Book Reviews: The Mystery of Hollow Places by Rebecca Podos and Shallow Graves by Kali Wallace

The Mystery of Hollow PlacesThe Mystery of Hollow Places
Rebecca Podos
Balzer + Bray, January 2016
ISBN 978-0-06-237334-2
Hardcover

From the publisher—

All Imogene Scott knows of her mother is the bedtime story her father told her as a child. It’s the story of how her parents met: he, a forensic pathologist; she, a mysterious woman who came to identify a body. A woman who left Imogene and her father when she was a baby, a woman who was always possessed of a powerful loneliness, a woman who many referred to as “troubled waters.”

Now Imogene is seventeen, and her father, a famous author of medical mysteries, has struck out in the middle of the night and hasn’t come back. Neither Imogene’s stepmother nor the police know where he could’ve gone, but Imogene is convinced he’s looking for her mother. And she decides it’s up to her to put to use the skills she’s gleaned from a lifetime of reading her father’s books to track down a woman she’s only known in stories in order to find him and, perhaps, the answer to the question she’s carried with her for her entire life.

I was drawn to this book by the very idea of this young girl trying to solve a mystery by using the skills and knowledge she’s acquired through reading mysteries. That’s about as much credibility as an amateur sleuth can hope to have and mighty few do so, in my eyes, Imogene already has an advantage.

Imogene has always known that her mom suffered from debilitating depression but, on the surface, she’s had a happy life with a loving father and stepmother so it’s especially alarming when her father disappears. Besides the expected fears that arise when someone goes missing, Imogene is thrust into a search for herself as well as her dad. She’s a complex girl, quite the loner even though she has a terrific friend in Jessa who is actually my favorite character because she has a strength and loyalty about her that I admire. It’s no surprise that Imogene has a certain lack of self-assurance—after all, her mother left her behind—and that her self-worth takes another swan dive when her father seemingly walks out.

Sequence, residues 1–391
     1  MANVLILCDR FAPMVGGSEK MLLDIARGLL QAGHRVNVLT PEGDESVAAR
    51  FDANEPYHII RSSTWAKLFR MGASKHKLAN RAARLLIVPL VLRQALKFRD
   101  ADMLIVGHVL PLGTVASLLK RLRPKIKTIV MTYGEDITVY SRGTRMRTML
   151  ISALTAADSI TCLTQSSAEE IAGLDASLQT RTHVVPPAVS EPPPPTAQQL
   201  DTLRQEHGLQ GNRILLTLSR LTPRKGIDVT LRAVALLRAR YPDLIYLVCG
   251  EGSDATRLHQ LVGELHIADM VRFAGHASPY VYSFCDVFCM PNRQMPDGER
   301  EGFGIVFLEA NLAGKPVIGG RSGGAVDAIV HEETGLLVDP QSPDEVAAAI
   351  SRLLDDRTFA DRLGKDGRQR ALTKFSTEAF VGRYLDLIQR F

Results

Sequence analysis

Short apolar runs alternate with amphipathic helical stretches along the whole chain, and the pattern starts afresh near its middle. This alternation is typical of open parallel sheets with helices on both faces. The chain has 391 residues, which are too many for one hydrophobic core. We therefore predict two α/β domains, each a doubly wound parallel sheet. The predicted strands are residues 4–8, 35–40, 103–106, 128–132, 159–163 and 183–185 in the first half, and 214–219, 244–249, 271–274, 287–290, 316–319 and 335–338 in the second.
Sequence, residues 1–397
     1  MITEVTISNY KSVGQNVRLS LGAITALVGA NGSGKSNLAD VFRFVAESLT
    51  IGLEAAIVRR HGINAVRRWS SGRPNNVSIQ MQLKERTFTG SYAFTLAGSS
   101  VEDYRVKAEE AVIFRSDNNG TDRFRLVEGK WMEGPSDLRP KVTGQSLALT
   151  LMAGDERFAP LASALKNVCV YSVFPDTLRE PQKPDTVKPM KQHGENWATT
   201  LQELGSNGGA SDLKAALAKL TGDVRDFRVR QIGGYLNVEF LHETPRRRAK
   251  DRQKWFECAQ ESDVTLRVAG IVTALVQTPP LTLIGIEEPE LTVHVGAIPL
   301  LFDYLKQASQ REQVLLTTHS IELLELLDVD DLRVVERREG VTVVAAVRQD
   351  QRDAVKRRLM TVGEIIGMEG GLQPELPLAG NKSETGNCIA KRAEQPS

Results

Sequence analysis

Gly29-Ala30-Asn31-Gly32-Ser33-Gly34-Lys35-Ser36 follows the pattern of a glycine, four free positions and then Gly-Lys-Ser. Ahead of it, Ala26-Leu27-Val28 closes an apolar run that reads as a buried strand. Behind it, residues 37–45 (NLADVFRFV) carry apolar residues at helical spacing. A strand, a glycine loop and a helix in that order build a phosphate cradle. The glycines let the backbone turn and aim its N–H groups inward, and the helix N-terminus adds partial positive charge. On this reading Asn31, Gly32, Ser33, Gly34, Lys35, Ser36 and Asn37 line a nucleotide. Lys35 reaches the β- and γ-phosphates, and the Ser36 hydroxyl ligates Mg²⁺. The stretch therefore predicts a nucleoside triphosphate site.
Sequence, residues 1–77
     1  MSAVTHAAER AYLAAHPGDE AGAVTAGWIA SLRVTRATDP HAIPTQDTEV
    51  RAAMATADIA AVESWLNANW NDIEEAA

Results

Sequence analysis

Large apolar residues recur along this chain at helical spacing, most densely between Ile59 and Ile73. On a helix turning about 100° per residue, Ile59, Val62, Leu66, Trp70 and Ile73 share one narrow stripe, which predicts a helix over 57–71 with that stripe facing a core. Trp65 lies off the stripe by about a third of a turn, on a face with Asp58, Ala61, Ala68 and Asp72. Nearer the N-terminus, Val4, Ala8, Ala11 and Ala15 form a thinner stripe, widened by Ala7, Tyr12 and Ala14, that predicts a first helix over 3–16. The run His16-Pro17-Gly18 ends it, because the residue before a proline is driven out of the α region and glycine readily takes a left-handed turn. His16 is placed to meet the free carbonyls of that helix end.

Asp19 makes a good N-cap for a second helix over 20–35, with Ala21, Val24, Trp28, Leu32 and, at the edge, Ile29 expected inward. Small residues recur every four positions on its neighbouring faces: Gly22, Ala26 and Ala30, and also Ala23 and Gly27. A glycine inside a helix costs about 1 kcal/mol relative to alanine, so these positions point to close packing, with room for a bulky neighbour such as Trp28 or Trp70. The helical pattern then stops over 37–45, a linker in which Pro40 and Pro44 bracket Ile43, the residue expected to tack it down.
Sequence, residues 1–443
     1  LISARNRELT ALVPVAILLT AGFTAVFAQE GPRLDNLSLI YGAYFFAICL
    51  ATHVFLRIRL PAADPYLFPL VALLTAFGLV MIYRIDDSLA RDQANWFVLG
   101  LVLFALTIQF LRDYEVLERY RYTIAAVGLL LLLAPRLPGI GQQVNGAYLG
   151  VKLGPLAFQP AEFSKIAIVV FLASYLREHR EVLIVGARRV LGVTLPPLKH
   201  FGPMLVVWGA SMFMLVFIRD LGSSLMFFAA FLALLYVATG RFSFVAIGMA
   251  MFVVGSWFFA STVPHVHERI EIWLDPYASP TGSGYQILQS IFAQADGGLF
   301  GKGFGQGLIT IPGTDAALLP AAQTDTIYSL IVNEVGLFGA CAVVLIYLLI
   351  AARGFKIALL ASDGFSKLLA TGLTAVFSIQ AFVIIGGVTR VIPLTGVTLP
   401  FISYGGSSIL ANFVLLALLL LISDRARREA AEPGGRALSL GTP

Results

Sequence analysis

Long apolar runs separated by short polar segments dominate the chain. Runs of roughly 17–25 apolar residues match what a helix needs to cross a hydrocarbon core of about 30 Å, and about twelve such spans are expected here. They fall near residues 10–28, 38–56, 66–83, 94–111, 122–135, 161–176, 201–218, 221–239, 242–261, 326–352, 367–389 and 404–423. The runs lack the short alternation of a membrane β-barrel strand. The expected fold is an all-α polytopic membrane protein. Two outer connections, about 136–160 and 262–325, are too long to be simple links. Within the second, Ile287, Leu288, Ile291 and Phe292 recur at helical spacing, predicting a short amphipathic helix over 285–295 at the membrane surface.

While I had a great deal of sympathy for this girl, I really think her story will have the strongest impact on readers who have experienced similar troubles. The mystery here isn’t a conventional one; rather, this is a psychological study of family and its dysfunctional parts along with a search for two missing people. Ms. Podos is a writer with real talent and I’m looking forward to much more from her in the future.

Reviewed by Lelia Taylor, January 2016.

~~~~~~~~~~~~~~~~~~~~~~~~~~~~

Shallow GravesShallow Graves
Kali Wallace
Katherine Tegen Books, January 2016
ISBN 978-0-06-236620-7
Hardcover

From the publisher—

When seventeen-year-old Breezy Lin wakes up in a shallow grave one year after her death, she doesn’t remember who killed her or why. All she knows is that she’s somehow conscious—and not only that, she’s able to sense who around her is hiding a murderous past. In life, Breezy was always drawn to the elegance of the universe and the mystery of the stars. Now she must set out to find answers and discover what is to become of her in the gritty, dangerous world to which she now belongs—where killers hide in plain sight, and a sinister cult is hunting for strange creatures like her. What she finds is at once empowering, redemptive, and dangerous.

Just imagine if you were to wake up one day only to discover that you’re actually dead. That’s what happens to young Breezy and she’s immediately thrust into the midst of her own very personal mystery. Not only that, she can sense those around her who have killed. Add to that the realization that there are others who, like her, are…odd…and you have a “life” that is intensely strange and full of questions crying out for answers. The interesting thing about Shallow Graves is that Breezy may not find all the answers she’s looking for.

Is Breezy a monster because she is/was dead? I suspect each reader will reach their own conclusion about that but, for me, yes, she is a monster by definition but there is much about her that brings out her essential humanity and I ended up liking her a lot. Unfortunately, I can’t say that I was particularly enthused about other characters, mainly because there were just too many and not enough attention was paid to them by the author to really bring them to life.

On the whole, I enjoyed this book and, although it sometimes seems rather jumbled and aimless, I recommend readers push through. In the end, I don’t think you’ll be sorry you did and it will appeal to lovers of mystery as well as dark fantasy. The only real quibble I have with Shallow Graves is that the ending is a bit of a non-ender but I don’t think all things absolutely have to be tied up in neat little packages, do you?

Reviewed by Lelia Taylor, January 2016.

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2 thoughts on “Book Reviews: The Mystery of Hollow Places by Rebecca Podos and Shallow Graves by Kali Wallace

  1. Lelia: hope you are doing just fine in the aftermath of the storm; WOW! I like both reviews., especially Rebecca Podos’ book…very clever premies; however, Shallow Graves reminds me of The Lovely Bones.

    Like

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